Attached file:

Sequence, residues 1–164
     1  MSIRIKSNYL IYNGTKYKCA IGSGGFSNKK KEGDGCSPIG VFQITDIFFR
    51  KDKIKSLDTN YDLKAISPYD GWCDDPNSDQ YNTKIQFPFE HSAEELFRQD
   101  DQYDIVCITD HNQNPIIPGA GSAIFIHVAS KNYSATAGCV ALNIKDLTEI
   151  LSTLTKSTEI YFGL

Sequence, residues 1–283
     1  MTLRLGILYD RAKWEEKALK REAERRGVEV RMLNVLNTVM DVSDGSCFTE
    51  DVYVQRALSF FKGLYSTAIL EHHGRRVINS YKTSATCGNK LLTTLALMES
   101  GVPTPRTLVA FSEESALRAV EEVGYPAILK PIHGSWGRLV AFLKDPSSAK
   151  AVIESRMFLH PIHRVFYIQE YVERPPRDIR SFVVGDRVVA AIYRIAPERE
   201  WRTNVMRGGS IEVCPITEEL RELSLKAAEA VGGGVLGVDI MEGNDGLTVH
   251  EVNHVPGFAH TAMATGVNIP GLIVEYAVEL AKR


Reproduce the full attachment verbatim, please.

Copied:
Sequence, residues 1–164
     1  MSIRIKSNYL IYNGTKYKCA IGSGGFSNKK KEGDGCSPIG VFQITDIFFR
    51  KDKIKSLDTN YDLKAISPYD GWCDDPNSDQ YNTKIQFPFE HSAEELFRQD
   101  DQYDIVCITD HNQNPIIPGA GSAIFIHVAS KNYSATAGCV ALNIKDLTEI
   151  LSTLTKSTEI YFGL

Sequence, residues 1–283
     1  MTLRLGILYD RAKWEEKALK REAERRGVEV RMLNVLNTVM DVSDGSCFTE
    51  DVYVQRALSF FKGLYSTAIL EHHGRRVINS YKTSATCGNK LLTTLALMES
   101  GVPTPRTLVA FSEESALRAV EEVGYPAILK PIHGSWGRLV AFLKDPSSAK
   151  AVIESRMFLH PIHRVFYIQE YVERPPRDIR SFVVGDRVVA AIYRIAPERE
   201  WRTNVMRGGS IEVCPITEEL RELSLKAAEA VGGGVLGVDI MEGNDGLTVH
   251  EVNHVPGFAH TAMATGVNIP GLIVEYAVEL AKR